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WA Ghostwriter

The student news site of Westford Academy

WA Ghostwriter

The student news site of Westford Academy

WA Ghostwriter

25 years later, Little Shop of Horrors returns to WATA

Provided by Ruby Davis
The cast of Little Shop of Horrors rehearses for their shows.

25 years ago, the Westford Academy Theater Arts program (WATA) was born. To commemorate this anniversary, WATA is bringing back the show that started it all, Little Shop of Horrors

With Little Shop of Horrors having premiered at WA on Nov. 10th, the show will have five more performances scheduled on Nov. 16th, 17th, 18th, and 21st, at 7 p.m. and Nov. 22nd at 5 p.m. for WATA’s 25th Anniversary musical celebration. 

The show, Little Shop of Horrors, is a musical following a flower shop worker, Seymour, who discovers a carnivorous plant that feeds on human flesh. While the show is mainly a comedy, Director Michael Towers believes that it still discusses relevant themes, one of which being violence against women.

“[This show] is a comedy, it’s a satire, but it still dives into some deep issues that are important to talk about,” Towers said.

The character Audrey, played by senior Jess Materazzo, deals with these difficult topics, pushing Materazzo to step out of her comfort zone. 

“The character of Audrey demands complete vulnerability from the actor as she deals with topics such as objectification and violence against women, something the world is still fighting today,” Materazzo said. “I am not Audrey, there are bits of myself in there, but in order for me to truthfully portray her story I must separate myself from the character, a challenge that I personally struggle with the most, but this process has allowed me to overcome it.”

This show is unique because it is the first time a student has choreographed a main stage show. Senior Leah Stafford has choreographed shows in the past, however, choreographing Little Shop of Horrors was more difficult than the other times.  

“It’s been a bit of a challenge because Little Shop of Horrors isn’t intended to be a show with dance,” Stafford said. “Mr. Towers knew we had some incredible dance talent at WA so he wanted to feature that talent.”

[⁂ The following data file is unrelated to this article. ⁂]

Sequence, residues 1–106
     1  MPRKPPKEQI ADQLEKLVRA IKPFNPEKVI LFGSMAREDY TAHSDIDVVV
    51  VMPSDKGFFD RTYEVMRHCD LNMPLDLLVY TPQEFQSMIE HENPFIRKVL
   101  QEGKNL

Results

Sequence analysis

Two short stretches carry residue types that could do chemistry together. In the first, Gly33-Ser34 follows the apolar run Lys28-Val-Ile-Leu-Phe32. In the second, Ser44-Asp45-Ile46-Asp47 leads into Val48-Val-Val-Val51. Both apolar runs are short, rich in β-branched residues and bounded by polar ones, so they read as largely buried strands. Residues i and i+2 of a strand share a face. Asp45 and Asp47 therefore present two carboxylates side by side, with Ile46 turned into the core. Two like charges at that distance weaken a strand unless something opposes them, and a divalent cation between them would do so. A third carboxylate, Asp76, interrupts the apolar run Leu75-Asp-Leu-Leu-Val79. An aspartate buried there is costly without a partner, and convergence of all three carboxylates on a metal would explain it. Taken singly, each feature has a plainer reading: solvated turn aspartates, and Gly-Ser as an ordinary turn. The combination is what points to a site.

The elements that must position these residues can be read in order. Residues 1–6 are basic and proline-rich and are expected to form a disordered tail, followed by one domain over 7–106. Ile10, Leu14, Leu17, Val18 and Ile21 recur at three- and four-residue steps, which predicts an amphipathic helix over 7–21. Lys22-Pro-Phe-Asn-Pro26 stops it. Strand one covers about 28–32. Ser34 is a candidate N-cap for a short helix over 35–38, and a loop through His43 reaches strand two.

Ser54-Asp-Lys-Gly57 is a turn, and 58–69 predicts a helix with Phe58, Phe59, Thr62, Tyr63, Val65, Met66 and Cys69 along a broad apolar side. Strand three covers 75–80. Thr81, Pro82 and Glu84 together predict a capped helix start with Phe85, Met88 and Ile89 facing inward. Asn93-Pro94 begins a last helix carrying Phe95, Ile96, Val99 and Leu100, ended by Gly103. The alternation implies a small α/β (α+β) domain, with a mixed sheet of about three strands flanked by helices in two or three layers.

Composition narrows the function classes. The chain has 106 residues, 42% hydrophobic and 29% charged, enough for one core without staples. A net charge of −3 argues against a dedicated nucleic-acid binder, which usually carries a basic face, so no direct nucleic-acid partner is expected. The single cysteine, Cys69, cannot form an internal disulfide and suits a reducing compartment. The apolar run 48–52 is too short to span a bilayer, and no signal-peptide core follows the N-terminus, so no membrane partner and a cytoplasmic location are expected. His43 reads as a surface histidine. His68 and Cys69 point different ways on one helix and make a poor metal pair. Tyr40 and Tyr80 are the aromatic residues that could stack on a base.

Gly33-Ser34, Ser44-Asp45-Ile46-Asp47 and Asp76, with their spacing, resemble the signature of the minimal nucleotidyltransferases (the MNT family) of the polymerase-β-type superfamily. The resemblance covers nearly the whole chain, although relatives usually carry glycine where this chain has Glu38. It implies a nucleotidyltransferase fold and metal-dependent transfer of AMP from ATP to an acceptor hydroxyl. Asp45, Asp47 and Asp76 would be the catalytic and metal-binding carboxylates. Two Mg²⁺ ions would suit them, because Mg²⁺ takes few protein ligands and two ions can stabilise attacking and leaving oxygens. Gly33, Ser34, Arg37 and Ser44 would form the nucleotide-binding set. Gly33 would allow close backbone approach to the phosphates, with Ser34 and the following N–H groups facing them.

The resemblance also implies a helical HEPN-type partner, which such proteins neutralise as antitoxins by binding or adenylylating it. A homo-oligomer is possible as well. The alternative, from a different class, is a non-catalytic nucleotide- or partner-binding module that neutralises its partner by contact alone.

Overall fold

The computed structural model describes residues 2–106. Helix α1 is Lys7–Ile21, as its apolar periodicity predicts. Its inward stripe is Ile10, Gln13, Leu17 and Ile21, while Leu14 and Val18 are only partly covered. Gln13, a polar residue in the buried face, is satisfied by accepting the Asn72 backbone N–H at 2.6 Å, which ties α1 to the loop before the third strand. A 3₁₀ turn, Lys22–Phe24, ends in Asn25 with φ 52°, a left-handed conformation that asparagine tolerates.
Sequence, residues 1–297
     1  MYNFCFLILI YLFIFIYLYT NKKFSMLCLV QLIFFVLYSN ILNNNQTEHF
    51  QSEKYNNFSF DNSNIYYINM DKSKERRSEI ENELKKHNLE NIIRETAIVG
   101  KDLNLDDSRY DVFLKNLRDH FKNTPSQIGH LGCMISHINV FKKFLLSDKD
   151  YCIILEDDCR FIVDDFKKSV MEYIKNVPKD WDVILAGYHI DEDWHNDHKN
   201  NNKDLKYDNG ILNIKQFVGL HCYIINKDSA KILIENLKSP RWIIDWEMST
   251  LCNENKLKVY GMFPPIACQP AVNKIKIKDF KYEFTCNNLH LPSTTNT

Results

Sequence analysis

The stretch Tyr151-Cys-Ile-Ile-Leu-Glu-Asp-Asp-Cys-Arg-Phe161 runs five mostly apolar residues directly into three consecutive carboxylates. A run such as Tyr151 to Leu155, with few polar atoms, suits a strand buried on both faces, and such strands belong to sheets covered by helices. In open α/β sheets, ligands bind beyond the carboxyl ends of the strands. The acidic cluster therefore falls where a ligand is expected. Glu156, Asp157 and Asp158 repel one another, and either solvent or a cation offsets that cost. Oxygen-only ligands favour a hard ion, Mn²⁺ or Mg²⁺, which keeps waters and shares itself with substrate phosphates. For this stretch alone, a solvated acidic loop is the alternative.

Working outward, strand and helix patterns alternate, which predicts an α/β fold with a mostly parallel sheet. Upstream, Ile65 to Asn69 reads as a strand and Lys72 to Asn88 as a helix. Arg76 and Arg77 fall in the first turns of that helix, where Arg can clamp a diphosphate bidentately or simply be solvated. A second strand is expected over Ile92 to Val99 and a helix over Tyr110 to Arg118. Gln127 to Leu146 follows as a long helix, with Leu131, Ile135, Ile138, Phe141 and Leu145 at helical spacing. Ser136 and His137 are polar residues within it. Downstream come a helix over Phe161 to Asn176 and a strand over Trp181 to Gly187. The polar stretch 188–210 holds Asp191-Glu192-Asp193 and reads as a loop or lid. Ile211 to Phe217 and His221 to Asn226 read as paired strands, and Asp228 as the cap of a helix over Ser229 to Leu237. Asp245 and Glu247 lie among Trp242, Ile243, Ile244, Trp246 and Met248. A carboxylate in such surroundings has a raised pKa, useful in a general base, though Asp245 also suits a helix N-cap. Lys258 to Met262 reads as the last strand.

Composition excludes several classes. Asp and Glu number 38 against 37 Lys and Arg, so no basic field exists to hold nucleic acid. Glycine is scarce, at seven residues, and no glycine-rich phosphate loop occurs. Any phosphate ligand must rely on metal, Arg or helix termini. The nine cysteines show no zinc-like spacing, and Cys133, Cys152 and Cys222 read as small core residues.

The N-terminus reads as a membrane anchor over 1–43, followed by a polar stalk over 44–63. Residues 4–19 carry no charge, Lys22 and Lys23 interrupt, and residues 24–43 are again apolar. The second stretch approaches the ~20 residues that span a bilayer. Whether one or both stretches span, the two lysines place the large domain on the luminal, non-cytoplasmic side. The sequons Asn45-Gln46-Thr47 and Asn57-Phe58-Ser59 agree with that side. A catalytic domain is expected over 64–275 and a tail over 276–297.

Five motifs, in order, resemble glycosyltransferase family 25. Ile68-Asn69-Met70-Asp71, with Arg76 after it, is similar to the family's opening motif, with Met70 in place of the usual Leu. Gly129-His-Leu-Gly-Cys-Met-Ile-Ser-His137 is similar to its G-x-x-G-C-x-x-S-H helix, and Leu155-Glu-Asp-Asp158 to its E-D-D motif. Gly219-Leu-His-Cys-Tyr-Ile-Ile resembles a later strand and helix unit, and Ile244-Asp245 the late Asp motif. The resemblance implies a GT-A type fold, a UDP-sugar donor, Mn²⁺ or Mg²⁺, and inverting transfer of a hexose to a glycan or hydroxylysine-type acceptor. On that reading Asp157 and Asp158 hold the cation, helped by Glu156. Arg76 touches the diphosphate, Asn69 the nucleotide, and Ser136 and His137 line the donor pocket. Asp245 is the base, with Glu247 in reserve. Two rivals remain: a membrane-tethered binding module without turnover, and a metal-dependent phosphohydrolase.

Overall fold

This also makes WA’s production of Little Shop to likely be the first version to have a dance team, according to Stafford. Additionally, WATA’s use of a turntable on the stage makes the performance even more unique.

The show’s complex set and production has given everyone who is a part of the show a larger appreciation for tech members. 

“When I look back to the beginning of our process, I feel so much pride in our department in our efforts to put forth such an incredible set and performance,” Materazzo said. “We worked so incredibly long and hard on [this show], and I am especially grateful for our resilient technicians for putting together such a beautiful world for us to play in. They deserve the world.” 

Tickets for the remaining performances can be purchased using this link or at the door. 

“I believe that everyone should come see the show because of its many great, comedic, inspiring, and heartwarming aspects just in the script alone,” junior and assistant director Ruby Davis said. “It is a show to bring your whole family too, and you won’t be disappointed. From the convincing work of our actors to the attention to detail from our tech team, the Little Shop company has worked very hard and I’m incredibly proud of them.”

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About the Contributor
Saanvi Arora
Saanvi Arora, News Editor
Hi! I am a junior and one of the News Editors for the Ghostwriter! Some things that I love to do outside of school are playing the guitar, singing, reading, listening to music, or hanging out with my friends and family. I am looking forward to another great year!

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    Roman MunichielloNov 13, 2023 at 8:10 pm

    Just a note that the 22nd is not another performance of Little Shop of Horrors but a separate celebration of the 25th anniversary of WATA!